The Centers for Disease Control and Prevention (CDC) has released its latest estimate of uninsured persons in the U.S. in 2013: Between 33 and 45 million. Why so wide a range? CDC analysts appreciate the difference between lacking insurance today and lacking insurance long term:
In 2013, 44.8 million persons of all ages (14.4%) were uninsured at the time of interview, 55.4 million (17.8%) had been uninsured for at least part of the year prior to interview, and 33.4 million (10.7%) had been uninsured for more than a year at the time of interview.
This context has been absent from much of the discussion of ObamaCare’s effects. The most popular estimate of the uninsured nowadays seems to be the Gallup-Healthways Well-Being Index. I discussed the March release, but decided not to cover the June release until the CDC estimate came out. Here’s why:
According to Gallup-Healthways, the 2013 uninsured rate was between 16.8 percent and 18 percent. That figure appears to correspond closely to the CDC’s estimate of people who had been “uninsured for at least part of the year prior to the interview”. Obviously, this question would have the largest number answering “yes”. However, the question that Gallup poses is simply: “Do you have health insurance coverage?” which looks like CDC’s “uninsured at the time of the interview”. For the CDC that figure is only 14.4 percent.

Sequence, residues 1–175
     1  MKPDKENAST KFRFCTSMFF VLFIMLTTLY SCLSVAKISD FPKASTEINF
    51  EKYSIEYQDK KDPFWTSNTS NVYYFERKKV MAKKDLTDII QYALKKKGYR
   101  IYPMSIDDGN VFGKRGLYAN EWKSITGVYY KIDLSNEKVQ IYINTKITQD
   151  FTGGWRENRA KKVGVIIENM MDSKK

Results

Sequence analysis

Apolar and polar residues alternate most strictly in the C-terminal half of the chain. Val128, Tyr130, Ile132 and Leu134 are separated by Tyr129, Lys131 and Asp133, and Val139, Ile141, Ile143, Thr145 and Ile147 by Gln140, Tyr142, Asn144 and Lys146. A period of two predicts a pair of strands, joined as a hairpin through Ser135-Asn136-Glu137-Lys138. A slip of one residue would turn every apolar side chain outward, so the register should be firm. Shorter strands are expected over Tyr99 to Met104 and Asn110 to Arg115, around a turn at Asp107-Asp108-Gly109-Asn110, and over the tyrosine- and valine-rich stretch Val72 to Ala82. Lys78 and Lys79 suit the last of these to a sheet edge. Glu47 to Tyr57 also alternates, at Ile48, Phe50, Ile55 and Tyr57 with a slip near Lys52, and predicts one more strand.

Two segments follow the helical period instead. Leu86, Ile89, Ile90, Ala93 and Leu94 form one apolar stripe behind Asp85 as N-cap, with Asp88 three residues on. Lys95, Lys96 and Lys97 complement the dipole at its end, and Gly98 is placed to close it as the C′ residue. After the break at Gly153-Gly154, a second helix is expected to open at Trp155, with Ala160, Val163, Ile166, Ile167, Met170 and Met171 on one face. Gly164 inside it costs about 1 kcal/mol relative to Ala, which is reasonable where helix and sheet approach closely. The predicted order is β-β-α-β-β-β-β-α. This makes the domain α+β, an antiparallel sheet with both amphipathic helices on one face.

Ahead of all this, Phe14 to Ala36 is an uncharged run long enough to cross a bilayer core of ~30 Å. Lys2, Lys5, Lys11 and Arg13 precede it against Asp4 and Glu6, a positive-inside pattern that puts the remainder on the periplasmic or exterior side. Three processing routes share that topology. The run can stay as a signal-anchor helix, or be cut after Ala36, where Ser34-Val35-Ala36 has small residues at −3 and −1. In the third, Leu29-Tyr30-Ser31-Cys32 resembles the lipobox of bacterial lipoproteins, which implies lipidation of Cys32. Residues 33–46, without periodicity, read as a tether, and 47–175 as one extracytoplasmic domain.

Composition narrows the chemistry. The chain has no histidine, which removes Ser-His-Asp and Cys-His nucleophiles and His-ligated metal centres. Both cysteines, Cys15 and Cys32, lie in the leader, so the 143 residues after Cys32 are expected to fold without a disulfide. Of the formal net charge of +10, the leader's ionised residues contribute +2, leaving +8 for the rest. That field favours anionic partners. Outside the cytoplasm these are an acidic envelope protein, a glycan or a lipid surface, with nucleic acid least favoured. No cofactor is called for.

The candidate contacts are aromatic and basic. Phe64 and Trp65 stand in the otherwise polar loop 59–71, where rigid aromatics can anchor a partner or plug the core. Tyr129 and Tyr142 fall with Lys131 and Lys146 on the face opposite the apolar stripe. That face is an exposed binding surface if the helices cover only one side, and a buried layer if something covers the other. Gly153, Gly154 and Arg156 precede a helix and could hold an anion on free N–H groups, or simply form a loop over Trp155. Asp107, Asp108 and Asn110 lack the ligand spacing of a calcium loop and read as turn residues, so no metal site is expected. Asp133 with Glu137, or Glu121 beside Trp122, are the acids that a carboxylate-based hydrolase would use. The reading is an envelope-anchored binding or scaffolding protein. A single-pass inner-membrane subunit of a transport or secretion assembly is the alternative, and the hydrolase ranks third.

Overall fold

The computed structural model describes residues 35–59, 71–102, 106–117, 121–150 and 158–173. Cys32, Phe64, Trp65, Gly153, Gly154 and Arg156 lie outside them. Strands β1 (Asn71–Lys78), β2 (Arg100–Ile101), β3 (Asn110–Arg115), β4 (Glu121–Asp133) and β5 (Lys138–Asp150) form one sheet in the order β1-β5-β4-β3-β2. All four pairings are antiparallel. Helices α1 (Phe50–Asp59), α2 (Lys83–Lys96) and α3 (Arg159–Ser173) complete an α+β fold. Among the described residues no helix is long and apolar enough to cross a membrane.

Gallup-Healthways’ latest estimate is that only 13.3 percent are uninsured, which is a big drop. ObamaCare cheerleaders jumped on this apparent success. However, there are discrepancies between Gallup-Healthways’ estimates and others’ that need to be reconciled before we can read much into its increasingly popular survey.